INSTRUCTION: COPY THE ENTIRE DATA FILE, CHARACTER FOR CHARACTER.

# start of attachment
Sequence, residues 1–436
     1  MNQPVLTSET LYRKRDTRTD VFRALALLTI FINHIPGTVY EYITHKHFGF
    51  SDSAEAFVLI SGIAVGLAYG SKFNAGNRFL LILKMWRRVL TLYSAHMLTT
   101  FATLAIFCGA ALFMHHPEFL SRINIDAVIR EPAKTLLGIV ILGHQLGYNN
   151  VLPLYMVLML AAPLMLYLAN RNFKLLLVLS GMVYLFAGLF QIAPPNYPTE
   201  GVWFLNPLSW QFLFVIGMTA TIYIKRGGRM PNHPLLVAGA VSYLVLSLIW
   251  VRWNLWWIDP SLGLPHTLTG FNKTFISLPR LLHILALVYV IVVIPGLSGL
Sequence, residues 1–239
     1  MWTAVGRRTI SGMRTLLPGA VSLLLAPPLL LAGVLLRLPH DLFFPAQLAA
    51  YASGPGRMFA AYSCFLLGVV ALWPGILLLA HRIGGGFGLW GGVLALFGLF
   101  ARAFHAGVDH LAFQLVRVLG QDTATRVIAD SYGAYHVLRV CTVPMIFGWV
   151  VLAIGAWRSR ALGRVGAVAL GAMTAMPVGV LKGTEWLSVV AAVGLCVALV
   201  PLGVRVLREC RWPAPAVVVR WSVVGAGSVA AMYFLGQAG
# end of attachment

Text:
Sequence, residues 1–436
     1  MNQPVLTSET LYRKRDTRTD VFRALALLTI FINHIPGTVY EYITHKHFGF
    51  SDSAEAFVLI SGIAVGLAYG SKFNAGNRFL LILKMWRRVL TLYSAHMLTT
   101  FATLAIFCGA ALFMHHPEFL SRINIDAVIR EPAKTLLGIV ILGHQLGYNN
   151  VLPLYMVLML AAPLMLYLAN RNFKLLLVLS GMVYLFAGLF QIAPPNYPTE
   201  GVWFLNPLSW QFLFVIGMTA TIYIKRGGRM PNHPLLVAGA VSYLVLSLIW
   251  VRWNLWWIDP SLGLPHTLTG FNKTFISLPR LLHILALVYV IVVIPGLSGL
Sequence, residues 1–239
     1  MWTAVGRRTI SGMRTLLPGA VSLLLAPPLL LAGVLLRLPH DLFFPAQLAA
    51  YASGPGRMFA AYSCFLLGVV ALWPGILLLA HRIGGGFGLW GGVLALFGLF
   101  ARAFHAGVDH LAFQLVRVLG QDTATRVIAD SYGAYHVLRV CTVPMIFGWV
   151  VLAIGAWRSR ALGRVGAVAL GAMTAMPVGV LKGTEWLSVV AAVGLCVALV
   201  PLGVRVLREC RWPAPAVVVR WSVVGAGSVA AMYFLGQAG